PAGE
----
November meeting and give it to Rick
                                                                                                                 Craig. The items should be presented
                                                                                                                 for consideration in person in an
                                                                                                                 ordinary envelope showing your name,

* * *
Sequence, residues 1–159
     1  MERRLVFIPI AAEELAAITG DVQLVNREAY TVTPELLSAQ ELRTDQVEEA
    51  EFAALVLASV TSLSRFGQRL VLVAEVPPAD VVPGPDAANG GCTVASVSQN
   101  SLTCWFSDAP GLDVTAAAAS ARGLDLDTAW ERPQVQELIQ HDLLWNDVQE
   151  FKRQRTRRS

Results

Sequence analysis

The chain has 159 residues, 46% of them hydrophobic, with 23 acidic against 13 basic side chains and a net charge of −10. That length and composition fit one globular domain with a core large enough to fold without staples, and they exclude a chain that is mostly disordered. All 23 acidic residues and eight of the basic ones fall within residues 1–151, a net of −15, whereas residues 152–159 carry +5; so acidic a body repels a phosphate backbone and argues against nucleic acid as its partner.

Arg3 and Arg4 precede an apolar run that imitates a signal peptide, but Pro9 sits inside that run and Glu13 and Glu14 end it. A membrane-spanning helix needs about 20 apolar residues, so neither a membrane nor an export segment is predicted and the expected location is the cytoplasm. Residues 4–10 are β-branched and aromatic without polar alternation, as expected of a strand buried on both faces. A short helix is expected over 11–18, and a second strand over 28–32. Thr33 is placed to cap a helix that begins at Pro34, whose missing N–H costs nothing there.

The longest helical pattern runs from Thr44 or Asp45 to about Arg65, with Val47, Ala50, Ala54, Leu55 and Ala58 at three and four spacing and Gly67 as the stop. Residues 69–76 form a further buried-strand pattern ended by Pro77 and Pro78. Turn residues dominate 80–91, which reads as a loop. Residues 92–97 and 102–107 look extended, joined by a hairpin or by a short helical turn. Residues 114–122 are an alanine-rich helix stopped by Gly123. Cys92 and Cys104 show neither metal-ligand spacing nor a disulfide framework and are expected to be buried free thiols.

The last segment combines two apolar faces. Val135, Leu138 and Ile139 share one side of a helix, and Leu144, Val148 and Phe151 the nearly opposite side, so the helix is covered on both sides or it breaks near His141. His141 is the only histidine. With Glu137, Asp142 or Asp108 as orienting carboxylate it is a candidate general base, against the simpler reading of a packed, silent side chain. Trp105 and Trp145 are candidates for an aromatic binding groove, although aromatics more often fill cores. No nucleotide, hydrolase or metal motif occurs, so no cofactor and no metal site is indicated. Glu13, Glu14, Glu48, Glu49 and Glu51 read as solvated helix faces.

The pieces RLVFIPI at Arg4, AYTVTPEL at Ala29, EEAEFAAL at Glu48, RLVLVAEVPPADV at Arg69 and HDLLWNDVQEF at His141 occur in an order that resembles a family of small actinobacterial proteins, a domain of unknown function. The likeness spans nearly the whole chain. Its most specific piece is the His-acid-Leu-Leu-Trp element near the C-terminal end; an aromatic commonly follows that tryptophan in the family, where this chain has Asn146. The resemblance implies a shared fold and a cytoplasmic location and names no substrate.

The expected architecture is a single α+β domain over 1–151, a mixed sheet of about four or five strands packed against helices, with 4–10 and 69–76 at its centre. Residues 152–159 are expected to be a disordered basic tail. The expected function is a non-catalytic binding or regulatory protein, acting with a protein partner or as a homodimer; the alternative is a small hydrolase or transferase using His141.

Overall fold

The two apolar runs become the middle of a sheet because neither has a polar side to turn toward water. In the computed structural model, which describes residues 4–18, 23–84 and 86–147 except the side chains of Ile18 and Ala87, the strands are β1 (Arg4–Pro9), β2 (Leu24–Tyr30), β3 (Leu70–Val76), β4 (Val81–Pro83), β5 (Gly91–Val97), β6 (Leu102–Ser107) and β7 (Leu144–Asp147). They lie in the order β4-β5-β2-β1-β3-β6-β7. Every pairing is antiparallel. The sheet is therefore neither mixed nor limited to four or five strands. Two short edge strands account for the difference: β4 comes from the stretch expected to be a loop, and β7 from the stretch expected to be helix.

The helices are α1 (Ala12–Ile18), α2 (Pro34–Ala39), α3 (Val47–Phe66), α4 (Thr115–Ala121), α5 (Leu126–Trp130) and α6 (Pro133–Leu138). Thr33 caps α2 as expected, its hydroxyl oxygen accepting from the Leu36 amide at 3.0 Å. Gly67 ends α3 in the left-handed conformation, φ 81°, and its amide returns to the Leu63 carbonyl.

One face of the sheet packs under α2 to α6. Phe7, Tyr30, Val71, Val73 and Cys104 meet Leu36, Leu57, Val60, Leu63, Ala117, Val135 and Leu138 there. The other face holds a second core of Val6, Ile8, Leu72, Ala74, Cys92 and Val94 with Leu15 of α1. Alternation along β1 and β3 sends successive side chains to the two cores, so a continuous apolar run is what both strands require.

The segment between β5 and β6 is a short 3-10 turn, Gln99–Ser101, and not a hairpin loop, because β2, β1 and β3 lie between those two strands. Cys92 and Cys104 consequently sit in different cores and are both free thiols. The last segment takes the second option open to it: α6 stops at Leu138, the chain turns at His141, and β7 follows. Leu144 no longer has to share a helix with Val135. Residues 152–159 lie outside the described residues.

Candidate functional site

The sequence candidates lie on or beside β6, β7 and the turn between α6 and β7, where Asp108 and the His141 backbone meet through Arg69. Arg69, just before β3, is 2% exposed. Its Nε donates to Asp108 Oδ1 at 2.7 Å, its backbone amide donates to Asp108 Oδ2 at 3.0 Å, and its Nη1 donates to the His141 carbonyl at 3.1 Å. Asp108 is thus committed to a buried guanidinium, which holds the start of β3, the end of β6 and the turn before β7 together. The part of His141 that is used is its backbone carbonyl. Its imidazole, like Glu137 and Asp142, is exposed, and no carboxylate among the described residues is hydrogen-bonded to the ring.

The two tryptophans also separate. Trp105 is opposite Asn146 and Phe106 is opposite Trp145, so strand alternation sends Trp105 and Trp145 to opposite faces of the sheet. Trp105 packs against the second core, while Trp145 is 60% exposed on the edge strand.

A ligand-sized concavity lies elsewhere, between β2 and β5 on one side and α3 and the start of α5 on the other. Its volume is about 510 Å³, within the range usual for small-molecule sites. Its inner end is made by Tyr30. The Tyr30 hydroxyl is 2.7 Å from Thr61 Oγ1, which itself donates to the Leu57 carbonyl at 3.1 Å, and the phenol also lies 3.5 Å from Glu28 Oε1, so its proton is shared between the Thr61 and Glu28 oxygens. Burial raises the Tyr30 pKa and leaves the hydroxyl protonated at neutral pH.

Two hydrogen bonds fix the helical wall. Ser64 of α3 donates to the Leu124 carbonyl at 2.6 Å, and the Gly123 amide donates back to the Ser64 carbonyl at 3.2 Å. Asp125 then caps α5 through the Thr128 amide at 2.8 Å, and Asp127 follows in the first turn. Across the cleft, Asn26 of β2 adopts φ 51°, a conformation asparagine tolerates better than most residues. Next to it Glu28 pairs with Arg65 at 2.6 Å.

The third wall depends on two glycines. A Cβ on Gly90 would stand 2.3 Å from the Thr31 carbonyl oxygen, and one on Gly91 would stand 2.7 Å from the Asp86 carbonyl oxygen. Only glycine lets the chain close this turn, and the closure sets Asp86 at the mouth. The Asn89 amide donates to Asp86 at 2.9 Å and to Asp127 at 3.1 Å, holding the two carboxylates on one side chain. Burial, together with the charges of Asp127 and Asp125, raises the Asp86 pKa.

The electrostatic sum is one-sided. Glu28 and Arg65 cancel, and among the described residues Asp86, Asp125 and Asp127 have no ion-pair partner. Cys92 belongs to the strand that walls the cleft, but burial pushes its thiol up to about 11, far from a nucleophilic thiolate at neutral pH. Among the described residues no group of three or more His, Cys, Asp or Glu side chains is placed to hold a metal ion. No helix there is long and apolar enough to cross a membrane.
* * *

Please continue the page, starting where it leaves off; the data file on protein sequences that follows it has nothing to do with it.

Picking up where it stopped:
phone number and your estimated value
                                                                                                                 (i.e., reserve bid). Rick is assisting us
                                                                                                                 by assuring consistent descriptions of
                                                                                                                 quality and by pegging fair starting
                                                                                                                 amounts for the listing in the bulletin.